If you reject the food, ignore the customs,
fear the religion and avoid the people,
you might better stay home.
~ James A. Michener, author, 1907-1997
San José has been the capital
of Costa Rica and the seat of
its democratic government since
1823. Nestled high in the Central
Valley (1,253 meters/3,770
feet), between green volcanic
mountain ranges, the metropolitan
city of about one million
people is oriented east and
west, surrounded by suburbs that cling to the gentle foothills. The nearby
town of Escazú, southwest of the city off the autopista, is home to the largest
population of North Americans living in Costa Rica, either full-time or
part-time, and is consequently more upscale than San José’s downtown or
Unlike other Central American capitals, San José is not a very colonial
city, although the heart of the historic center features several beautiful
old buildings. It didn’t become a decent-sized city until relatively late in
the 1800s, long past the colonial era, and had a modern building boom in
the 1950s and 60s. Because of its economic success from coffee exports,
San José became the second city in the Americas to install electricity
(1884). At its heart are the National Theater, Plaza de la Cultura, Parque
Central, the Cathedral and Gold Museum, which are centered in a fourblock
area with a long pedestrian-only shopping walkway bisecting the
middle of downtown.
Despite the lack of stone and plaster colonial ambiance, many of San
José’s buildings boast a unique and charming architectural style known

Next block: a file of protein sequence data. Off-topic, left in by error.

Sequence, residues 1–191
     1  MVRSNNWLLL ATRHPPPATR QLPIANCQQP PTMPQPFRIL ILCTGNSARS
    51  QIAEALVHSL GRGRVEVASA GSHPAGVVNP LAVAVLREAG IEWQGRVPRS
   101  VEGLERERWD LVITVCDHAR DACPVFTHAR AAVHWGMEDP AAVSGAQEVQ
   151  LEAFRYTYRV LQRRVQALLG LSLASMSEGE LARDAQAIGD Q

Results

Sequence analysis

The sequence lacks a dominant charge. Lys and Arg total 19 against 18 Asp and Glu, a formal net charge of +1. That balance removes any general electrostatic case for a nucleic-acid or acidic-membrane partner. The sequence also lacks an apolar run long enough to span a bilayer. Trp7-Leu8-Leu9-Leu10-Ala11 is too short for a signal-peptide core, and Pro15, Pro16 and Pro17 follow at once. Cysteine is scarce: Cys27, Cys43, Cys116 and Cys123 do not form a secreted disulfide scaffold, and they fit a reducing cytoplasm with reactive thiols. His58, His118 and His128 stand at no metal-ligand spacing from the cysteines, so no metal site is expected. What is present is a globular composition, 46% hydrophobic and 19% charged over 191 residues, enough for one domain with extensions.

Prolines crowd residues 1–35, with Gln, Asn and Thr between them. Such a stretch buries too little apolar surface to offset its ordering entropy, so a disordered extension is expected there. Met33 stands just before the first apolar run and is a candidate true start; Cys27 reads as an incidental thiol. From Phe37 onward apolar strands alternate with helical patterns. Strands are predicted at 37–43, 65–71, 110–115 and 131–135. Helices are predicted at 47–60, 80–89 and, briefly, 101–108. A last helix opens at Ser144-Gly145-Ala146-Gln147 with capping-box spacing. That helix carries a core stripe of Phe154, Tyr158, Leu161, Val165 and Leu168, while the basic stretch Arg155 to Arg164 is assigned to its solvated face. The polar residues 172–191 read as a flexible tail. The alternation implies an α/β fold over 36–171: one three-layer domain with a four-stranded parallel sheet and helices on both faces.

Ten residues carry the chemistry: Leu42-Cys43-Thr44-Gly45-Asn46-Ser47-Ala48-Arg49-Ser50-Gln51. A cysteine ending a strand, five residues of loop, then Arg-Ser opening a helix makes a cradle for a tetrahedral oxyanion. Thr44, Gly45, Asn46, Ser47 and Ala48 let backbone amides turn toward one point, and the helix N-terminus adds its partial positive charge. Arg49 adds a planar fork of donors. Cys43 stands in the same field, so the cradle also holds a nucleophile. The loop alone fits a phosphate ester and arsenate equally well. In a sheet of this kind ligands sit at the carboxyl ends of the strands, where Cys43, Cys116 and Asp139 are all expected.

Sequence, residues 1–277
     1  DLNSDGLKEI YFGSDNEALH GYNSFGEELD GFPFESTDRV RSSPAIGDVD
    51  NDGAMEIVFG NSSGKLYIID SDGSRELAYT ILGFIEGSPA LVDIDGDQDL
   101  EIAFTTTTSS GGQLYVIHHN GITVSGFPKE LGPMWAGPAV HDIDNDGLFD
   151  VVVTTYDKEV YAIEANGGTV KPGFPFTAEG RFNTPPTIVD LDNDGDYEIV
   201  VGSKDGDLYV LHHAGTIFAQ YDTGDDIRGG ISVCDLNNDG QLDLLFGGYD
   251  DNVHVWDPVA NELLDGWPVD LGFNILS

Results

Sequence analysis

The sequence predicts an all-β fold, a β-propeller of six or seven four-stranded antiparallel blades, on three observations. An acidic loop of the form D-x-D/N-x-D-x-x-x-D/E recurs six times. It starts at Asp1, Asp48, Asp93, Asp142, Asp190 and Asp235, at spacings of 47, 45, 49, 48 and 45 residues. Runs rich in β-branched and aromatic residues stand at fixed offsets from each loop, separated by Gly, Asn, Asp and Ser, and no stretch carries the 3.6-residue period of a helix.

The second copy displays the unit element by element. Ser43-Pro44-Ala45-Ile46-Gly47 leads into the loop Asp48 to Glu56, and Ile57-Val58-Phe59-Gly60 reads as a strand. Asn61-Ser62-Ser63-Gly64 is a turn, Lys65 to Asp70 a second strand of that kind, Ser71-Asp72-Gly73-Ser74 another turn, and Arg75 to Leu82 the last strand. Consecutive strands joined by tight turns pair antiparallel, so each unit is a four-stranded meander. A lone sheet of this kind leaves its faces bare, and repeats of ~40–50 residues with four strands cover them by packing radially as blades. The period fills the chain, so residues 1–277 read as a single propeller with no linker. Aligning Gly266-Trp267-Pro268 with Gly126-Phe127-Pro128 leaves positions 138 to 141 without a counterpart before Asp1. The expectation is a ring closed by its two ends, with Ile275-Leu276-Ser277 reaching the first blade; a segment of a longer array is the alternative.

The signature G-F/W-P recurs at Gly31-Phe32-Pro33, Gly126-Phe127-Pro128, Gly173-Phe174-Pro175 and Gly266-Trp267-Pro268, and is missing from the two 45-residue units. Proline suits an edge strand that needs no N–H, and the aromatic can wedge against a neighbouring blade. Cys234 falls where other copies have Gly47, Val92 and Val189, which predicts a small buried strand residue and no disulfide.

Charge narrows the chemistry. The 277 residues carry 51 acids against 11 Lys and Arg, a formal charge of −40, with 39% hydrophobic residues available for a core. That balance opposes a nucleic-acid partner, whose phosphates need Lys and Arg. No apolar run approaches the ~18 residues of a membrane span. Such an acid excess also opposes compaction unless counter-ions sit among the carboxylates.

as “Caribbean Victorian.” Just beyond the modern office high-rises are
wood-framed clapboard houses built at the turn of the century. Graceful
porticos and wrap-around verandas distinguish these appealing homes
(some converted to offices or small hotels) painted in soft pastels. Many
have the original metal roofs that sound rat-tat-tat in the rain.
San José is a very cosmopolitan capital with many welcoming qualities.
Near-perfect weather is a big attraction to visitors as well as expatriates
who call the Central Valley home.
Some 250,000 foreigners, mostly North
Americans, live in Costa Rica full time. The temperature is fairly consistent
between 70 and 75°F. Occasional Northerlies, cold fronts, call for a
jacket or sweater at night. The rainy season, when late afternoons and
evenings bring showers, lasts from May to October, mas o menos.
As the cultural heart of the nation, San José is home to several theater
groups, excellent museums, parks, a national symphony, cinemas and
universities. It is also host to nightclubs, casinos, discos and fine restaurants.
Residents of San José are known as Josefinos.
On the down side, the city is often crowded, dirty, noisy, ugly and disagreeable.
It may take some getting used to – some people hate it, but the
longer you stay, the more San José grows on you. We love it.